boycott idea

We really cant control what the US olympic comittee will do. However, we could boycott the games as people. Don't watch the games on television. Don't attend the games. Unfortunately, the only say we have in a capitalist society is where we choose to spend our money.

The truth

the truth of the matter is that every country is responsible in one way or another for human rights abuses, whether you're looking at China, the US, Canada, Chile, or Papua New Guinea.

Its also particularly hypocritical for westerners to condemn certain types of human rights abuse and allow others to go unchallenged in their own backyard.

There are people that are informed enough, educated enough, and intelligent enough to understand the ways in which their governments and they themselves are complicit in human rights abuses every day. Them challenging China on Tibet is part of a greater struggle for the respect of human life.

But those that challenge China on Tibet and not the US on Iraq, or Chile on the Mapuche etc... those that take oppressive situations as opportunities to choose and pick their condemnatiions --> well they're basically promulgating a neo-colonial approach to international affairs.

History

Berlin anyone?

tibet, China, Darfur

It is my understanding that China is also supporting the regime in the Sudan, which is responsible for the atrocities in Darfur.

China's interest there is oil, which it receives in exchange for money and military equipment.

missing the point

In suggestion that human rights should be a partisan issue you are missing the point completely. Regardless of what the situation in Tibet may have been like prior to China's occupation, and regardless of where you might stand on Tibetan right to self governance, at issue here are human rights concerns.

China's crackdown on Tibet protesters has been brutal and hateful. They are clear human rights abuses that should be condemned. That's the bottom line.

On the other hand, may he who has never sinned cast the first stone...any official condemnation from another country would be hypocrytical, which is why grassroots, bottom up demonstrations are the way to really support human rights internationally. Partisan politics should be irrelevant in this case

where is the reaction!?

The decision to boycott the Beijing Olympics is, of course, out of the people's hands and would take a priceless, much deserved opportunity away from our athletes. But, the people of this country have a voice, not to mention hands to hold placards and feet to march; so where is the reaction to China's repression and killing of Tibetans? It is time for people to say more with their actions than their bumper stickers have already said. What we need to show the world is that people are united in their outrage over how the Chinese government has treated the people of Tibet for this long. This is a breaking point for human rights and a gigantic chance to use our precious freedom of expression for good. So, will we clear the bar on this one or not? Lives are at stake here, not just world records.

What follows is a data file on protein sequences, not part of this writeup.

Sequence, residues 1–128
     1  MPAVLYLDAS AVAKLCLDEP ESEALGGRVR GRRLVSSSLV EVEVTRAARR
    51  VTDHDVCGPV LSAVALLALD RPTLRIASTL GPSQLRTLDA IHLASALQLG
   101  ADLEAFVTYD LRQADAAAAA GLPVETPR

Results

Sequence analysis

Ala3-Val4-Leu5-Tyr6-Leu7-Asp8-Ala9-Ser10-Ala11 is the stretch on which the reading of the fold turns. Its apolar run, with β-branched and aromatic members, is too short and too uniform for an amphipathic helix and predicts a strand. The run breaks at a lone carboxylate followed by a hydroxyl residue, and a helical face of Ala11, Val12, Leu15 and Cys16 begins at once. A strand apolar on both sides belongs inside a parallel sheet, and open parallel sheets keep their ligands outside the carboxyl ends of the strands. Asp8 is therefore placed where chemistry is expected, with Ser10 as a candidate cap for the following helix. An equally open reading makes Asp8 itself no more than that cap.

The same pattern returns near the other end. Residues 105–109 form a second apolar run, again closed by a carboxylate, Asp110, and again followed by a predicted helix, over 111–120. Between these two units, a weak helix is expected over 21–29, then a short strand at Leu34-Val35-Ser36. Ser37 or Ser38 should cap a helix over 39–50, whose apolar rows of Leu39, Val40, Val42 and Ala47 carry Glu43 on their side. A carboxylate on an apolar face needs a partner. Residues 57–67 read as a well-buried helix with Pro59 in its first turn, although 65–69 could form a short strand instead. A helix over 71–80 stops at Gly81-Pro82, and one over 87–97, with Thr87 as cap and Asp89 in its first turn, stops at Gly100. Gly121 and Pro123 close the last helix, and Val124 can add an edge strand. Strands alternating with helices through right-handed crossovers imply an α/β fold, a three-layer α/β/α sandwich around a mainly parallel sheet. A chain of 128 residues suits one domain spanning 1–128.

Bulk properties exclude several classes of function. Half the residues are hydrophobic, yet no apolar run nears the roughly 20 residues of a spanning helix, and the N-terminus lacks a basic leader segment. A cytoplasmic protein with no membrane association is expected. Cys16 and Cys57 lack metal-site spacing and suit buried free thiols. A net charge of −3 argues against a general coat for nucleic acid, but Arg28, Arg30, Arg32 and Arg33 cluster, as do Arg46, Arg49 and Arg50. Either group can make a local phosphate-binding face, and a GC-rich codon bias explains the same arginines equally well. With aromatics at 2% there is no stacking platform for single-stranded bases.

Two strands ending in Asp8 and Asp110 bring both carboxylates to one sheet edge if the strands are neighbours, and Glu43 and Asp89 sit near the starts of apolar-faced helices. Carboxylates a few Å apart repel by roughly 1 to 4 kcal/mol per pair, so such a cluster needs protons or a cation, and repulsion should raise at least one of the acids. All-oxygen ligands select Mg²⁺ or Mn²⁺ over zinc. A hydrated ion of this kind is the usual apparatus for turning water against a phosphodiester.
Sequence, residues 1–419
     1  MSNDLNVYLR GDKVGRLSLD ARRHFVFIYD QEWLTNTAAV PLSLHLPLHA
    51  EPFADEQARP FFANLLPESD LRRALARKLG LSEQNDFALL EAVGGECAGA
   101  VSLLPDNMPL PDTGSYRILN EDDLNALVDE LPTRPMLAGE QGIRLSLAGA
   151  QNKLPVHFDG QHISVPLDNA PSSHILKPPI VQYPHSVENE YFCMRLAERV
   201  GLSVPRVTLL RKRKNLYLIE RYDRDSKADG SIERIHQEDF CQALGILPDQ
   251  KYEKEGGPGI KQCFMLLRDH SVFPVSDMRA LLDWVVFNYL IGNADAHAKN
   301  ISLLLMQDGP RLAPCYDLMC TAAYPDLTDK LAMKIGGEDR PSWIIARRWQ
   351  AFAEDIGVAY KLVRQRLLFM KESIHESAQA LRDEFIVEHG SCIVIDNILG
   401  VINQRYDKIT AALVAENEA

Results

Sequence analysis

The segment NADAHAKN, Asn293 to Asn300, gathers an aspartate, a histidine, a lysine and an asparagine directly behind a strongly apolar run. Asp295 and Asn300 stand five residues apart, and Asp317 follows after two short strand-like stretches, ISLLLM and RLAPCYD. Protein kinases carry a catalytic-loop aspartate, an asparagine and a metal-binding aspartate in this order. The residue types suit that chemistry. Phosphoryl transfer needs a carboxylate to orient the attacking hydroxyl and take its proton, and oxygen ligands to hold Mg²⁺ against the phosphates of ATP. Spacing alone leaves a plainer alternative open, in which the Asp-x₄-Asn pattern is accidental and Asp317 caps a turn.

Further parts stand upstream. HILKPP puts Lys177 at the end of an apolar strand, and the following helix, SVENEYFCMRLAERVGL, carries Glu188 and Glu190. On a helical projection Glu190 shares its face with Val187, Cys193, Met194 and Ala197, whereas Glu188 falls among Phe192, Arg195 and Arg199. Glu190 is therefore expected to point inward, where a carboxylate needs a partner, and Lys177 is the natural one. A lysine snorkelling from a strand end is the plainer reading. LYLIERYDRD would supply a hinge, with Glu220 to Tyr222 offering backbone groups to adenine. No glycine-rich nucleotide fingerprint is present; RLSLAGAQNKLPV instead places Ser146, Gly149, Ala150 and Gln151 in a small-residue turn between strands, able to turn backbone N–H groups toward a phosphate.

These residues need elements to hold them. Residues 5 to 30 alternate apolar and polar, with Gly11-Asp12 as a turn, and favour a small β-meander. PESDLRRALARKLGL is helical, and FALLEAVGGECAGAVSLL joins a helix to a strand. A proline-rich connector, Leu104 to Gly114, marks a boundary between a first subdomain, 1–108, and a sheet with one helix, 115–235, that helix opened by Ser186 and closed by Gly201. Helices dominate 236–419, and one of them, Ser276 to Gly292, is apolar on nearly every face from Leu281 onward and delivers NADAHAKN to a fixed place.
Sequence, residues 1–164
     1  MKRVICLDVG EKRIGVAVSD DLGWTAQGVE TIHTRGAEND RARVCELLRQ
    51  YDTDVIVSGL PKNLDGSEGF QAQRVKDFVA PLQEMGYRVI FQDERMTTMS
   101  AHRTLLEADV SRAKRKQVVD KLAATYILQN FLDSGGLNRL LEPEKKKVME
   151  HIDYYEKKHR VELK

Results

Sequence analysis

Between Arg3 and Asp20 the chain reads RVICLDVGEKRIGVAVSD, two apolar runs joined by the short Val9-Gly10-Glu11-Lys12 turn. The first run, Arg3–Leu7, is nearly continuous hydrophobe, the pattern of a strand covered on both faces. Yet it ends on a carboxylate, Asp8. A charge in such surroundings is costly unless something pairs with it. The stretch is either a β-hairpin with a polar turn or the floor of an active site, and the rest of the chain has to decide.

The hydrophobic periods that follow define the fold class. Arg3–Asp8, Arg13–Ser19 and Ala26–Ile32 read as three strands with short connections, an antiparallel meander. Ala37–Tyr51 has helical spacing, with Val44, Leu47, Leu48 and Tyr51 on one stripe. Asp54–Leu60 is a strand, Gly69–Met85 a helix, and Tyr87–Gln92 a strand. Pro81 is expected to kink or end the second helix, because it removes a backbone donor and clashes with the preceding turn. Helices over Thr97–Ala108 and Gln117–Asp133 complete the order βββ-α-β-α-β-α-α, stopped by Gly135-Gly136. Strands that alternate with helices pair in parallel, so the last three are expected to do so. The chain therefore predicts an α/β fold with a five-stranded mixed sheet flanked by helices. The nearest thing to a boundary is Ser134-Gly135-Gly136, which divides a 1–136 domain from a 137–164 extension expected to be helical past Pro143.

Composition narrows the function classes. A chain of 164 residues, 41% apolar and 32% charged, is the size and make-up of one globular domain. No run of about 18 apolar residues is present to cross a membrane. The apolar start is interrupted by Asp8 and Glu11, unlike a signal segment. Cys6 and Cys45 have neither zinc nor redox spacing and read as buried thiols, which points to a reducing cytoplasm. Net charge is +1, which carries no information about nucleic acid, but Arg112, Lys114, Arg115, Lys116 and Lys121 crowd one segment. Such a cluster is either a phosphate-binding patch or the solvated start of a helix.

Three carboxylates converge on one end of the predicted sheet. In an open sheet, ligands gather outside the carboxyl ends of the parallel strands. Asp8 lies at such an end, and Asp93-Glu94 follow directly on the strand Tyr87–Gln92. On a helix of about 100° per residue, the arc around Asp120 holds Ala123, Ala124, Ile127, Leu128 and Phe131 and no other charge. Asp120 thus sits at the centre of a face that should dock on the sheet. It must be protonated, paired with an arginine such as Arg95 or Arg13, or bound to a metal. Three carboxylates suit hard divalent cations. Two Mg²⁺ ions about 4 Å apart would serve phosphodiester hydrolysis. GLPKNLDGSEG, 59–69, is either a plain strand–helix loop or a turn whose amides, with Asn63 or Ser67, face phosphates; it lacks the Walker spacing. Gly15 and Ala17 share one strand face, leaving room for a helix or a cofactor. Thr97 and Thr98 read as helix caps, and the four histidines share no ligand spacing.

I believe we should Boycott

I have a grandaughter adopted from China. For all I know her parents or grandparents could be homeless on the streets, after the ABC report of 13,000 evictions every month??? They are in the streets the old and the infirm!

Also, Tibet, How can you hurt holy men??? I am a Christian...that means I respect every faith and yes I MEAN every faith!!!!

I know I WILL NOT watch the games at all and I have rarely missed them in my 58 years...

jangy

Ramon

Like all other sporting events, though hidden under the veil of the 'amateur', the Olympics is a business.
Boycotting the athletes is both pointless and unfair.

The sponsors are the ones' that should be boycotted, the networks that show the games.

Not watching them and buying their productes at McDonalds etc. could make the protests more relevant (with the economic imperative).

olympics

This is going to be an interesting Olympics this season...

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Dave Zirin is the author of the book: "Welcome to the Terrordome: The Pain, Politics and Promise of Sports" (Haymarket). You can receive his column Edge of Sports, every week by going to dave@edgeofsports.com.